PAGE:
We know we can’t solve our City’s homelessness crisis by concentrating all our efforts in one or two central communities. That’s why the City has set a goal of building 900 units of supportive housing by 2024. This is one of the first four sites, and more will be built in communities across Edmonton.

    Supportive housing and its residents are most successful when they are part of a welcoming community. The residents have a safe and stable permanent home and receive all the support they need on site. The building is staffed 24/7 and there will be operational and property management standards to ensure it is well run. You can learn more about supportive housing, including a link to the City's statistics on crime and non-market housing, by reading the FAQs at edmonton.ca/supportivehousing 

    You'll find answers to many common questions in the two information sessions we held with local experts on supportive housing:

    https://www.youtube.com/watch?v=DRIe8yjgWf0&t=2195s

    https://www.youtube.com/watch?v=NIkvH3QtX8U&t=3908s

    It's important to understand that the day-use and isolation shelter at the Expo Centre was a temporary measure in response to the COVID-19 pandemic. It did not provide continuous stay accomodation; rather, people who were not isolating had to leave to find an overnight shelter. The bridge housing program at the Coliseum Inn, another emergency response to the COVID-19 pandemic, is being run by Boyle Street Community Services and provides temporary housing for people as they work on securing permanent housing. These are very different models from supportive housing, which is a permanent home to the people who live there. It provides safety, stability, and meets all basic needs - shelter, hygiene facilities, food and social connection.

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    I’m very glad to welcome this supportive housing to the neighborhood. All of our neighbours deserve dignity and safe homes. I recognize the value in developing mixed neighbourhoods with different income levels and housing—the strategy enriches community and avoids creating ghettos by over concentrating low income. I do wonder if any of these developments are planned for Terwillegar or other high income neighbourhoods? Part of the reason I’m excited to see this here is that I’ve noticed an increase in people sleeping rough in our area. I realize some people prefer to stay outdoors but what is the expected impact of these supportive housing units on homelessness? Do you expect a reduction in street population in our neighbourhoods?

    Anne Brown asked 9 months ago

    The City is committed to building 900 units of supportive housing by 2024 and has selected these City-owned parcels for the first four locations. More locations will be identified as we work toward that goal and new locations will be selected based on the same criteria that identified these sites: ready for development, well integrated with the surrounding land uses and built form, and close to amenities and services for residents, like transit, grocery stores, and recreation opportunities, like rec centres, libraries and parks.

    If approved, these four supportive housing sites will bring us closer to that goal by adding 150 units to the city's supply and will help reduce the number of people experiencing homelessness citywide. The residents will be matched with a site based on their needs and the support a specific site offers; resident choice is also a determining factor.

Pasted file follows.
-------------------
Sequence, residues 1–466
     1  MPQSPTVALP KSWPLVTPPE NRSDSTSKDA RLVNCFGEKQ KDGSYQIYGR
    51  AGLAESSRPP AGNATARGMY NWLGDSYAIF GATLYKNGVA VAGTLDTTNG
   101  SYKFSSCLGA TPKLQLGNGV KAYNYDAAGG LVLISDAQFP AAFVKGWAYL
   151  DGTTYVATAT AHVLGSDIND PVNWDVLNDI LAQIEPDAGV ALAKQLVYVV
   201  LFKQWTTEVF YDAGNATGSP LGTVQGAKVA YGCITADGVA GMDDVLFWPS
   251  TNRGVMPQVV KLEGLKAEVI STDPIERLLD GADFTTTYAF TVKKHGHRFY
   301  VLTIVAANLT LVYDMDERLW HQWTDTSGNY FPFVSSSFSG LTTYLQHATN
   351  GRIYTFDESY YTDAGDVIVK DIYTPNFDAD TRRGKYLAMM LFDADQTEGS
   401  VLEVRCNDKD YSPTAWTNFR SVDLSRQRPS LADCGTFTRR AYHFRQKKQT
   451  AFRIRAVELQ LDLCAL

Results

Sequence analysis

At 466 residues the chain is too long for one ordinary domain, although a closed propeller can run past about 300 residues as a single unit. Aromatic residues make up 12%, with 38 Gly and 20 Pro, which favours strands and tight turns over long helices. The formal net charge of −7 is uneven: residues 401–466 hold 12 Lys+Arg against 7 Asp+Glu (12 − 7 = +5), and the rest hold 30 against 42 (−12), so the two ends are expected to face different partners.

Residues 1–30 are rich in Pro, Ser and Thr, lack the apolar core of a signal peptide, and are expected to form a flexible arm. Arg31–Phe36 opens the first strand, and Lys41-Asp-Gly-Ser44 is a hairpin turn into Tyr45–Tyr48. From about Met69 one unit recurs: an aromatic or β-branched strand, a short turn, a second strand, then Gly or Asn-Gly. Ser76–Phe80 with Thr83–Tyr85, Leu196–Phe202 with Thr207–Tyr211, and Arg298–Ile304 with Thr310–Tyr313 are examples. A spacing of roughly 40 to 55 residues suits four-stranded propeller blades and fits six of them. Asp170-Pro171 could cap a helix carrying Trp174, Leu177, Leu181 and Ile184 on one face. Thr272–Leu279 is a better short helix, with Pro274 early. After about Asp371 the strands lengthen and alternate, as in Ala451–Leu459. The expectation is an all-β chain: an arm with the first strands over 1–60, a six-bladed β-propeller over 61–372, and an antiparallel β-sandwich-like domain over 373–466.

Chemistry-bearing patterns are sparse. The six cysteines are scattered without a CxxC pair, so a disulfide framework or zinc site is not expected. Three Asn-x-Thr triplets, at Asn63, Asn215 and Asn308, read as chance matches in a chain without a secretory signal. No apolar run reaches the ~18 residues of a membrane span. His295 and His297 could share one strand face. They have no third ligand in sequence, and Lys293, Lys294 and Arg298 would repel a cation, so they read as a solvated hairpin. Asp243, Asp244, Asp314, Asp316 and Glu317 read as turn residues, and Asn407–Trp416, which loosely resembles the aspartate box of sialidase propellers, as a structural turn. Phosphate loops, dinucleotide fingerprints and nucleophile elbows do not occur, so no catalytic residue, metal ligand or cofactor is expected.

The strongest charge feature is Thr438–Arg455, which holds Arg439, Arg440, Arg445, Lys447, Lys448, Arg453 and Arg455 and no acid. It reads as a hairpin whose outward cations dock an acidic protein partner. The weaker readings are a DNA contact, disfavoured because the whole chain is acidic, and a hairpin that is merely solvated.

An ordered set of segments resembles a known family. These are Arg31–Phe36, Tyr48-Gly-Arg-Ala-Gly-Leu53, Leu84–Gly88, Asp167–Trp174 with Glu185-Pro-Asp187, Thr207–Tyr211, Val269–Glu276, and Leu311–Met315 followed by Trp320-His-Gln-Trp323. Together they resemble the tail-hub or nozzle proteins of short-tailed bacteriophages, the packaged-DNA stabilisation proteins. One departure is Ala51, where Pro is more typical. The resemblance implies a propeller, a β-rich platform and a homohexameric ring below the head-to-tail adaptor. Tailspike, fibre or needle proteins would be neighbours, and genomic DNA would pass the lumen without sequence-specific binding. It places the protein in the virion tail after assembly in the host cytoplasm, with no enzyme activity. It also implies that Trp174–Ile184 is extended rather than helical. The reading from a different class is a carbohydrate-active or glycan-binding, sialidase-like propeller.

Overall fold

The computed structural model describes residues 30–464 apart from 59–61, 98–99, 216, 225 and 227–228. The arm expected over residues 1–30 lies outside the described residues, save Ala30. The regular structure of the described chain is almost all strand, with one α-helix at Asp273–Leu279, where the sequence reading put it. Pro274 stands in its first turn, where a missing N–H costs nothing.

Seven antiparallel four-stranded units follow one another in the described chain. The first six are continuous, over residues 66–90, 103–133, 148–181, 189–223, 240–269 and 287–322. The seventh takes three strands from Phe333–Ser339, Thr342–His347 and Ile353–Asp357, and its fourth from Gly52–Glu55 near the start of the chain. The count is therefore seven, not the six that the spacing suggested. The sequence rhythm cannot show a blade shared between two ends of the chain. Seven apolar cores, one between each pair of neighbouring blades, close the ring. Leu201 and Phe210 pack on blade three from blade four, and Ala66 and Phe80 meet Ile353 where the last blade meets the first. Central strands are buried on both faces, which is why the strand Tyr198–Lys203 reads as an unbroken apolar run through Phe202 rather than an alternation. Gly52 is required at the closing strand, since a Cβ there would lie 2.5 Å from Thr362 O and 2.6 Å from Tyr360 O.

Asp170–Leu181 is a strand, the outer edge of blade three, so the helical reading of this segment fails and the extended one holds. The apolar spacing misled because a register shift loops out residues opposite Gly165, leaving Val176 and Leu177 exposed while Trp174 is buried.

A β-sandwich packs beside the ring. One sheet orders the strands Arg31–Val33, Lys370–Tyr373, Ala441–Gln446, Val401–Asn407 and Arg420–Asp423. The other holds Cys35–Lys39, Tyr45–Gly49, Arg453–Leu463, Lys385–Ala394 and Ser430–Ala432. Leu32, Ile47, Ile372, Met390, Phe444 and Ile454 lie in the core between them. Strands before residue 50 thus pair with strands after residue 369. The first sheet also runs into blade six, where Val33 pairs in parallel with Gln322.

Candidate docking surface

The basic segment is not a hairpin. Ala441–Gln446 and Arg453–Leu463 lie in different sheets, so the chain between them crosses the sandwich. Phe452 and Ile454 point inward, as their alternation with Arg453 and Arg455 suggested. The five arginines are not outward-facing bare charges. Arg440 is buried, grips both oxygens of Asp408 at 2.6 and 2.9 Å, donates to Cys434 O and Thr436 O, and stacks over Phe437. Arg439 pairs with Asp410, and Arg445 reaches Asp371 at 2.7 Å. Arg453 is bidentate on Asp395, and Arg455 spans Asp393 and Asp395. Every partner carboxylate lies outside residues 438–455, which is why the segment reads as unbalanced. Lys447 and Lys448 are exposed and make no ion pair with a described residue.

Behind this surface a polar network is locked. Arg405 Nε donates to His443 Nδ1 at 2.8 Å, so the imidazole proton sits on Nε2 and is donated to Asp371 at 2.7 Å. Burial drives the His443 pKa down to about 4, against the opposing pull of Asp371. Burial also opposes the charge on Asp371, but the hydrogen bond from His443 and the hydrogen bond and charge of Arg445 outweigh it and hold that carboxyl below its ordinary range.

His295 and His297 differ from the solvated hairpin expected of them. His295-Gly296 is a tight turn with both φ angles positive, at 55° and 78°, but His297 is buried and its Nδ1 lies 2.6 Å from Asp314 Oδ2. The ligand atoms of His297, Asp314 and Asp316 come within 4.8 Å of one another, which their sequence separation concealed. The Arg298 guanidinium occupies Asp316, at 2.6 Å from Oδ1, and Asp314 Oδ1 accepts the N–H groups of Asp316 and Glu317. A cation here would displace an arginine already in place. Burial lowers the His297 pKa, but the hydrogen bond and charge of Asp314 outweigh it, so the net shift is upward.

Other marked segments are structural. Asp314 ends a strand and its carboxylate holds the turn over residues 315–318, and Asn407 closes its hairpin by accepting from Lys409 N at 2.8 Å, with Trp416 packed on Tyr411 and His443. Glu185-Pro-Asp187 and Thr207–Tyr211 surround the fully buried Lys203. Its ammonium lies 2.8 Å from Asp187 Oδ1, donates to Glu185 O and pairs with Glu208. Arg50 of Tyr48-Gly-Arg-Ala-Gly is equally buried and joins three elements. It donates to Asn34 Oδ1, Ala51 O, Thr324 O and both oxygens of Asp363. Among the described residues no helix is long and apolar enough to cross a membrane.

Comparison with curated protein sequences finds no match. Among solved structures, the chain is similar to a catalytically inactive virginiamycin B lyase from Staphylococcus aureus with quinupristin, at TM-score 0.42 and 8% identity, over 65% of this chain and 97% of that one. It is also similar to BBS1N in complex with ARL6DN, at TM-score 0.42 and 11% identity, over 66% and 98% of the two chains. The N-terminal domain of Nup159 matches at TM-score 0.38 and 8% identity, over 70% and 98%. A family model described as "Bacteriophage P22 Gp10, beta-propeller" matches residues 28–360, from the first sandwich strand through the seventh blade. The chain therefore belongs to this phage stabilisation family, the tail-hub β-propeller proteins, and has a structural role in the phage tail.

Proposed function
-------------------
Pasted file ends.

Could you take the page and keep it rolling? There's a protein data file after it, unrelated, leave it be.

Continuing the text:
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    I support the proposed Terrace Heights supportive housing project. Edmonton is making great leaps in helping people in need regain control over their lives by providing them with a home. Having a secure place to live is a health issue. All kinds of people live in our neighbourhood. I believe it is incorrect to assume that anyone living in supportive housing poses a threat to our safety. I have lived in this community for decades. We are strong and welcoming enough to open our community to a few people who need the security of their own home.

    terraceheights asked 9 months ago
    If you have not already, we invite you to share your thoughts through the survey on this page. Thank you.
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    My concerns are the elderly, families and children. If you put support housing where they cannot pay for themselves than that means they have no money which means they will be creeping in our backyards. Secondly, do they have serious criminal records ? Lastly, we pay top dollar property taxes to live near the valley and if the city allows more establishments like this built here, than I think you should lower our taxes equivalent to more crime filled areas in the north. We should also have more alley lights installed. Some areas are really dark still. Also in relation to the comment below, “ We have no evidence to suggest that supportive housing increases crime, and in fact, supportive housing has proven to reduce residents’ interactions with police. An analysis of a supportive housing site in downtown Edmonton saw a 46 per cent drop in interactions between residents and police in the 2 years after they moved in, compared to the 2 years before. ”, based off these stats, you are saying that putting these residents here we will essentially have an increase of 53% police to subsidized residents interactions ? How is that good for our community ? I think you guys need to relocate this proposed site to a more appropriate area its a potential social disruption. We already have had an increase of crime here lately and I worked hard to love from a crime filled area to a safe area here in terrace heights. I really would like to keep it safe and respectable.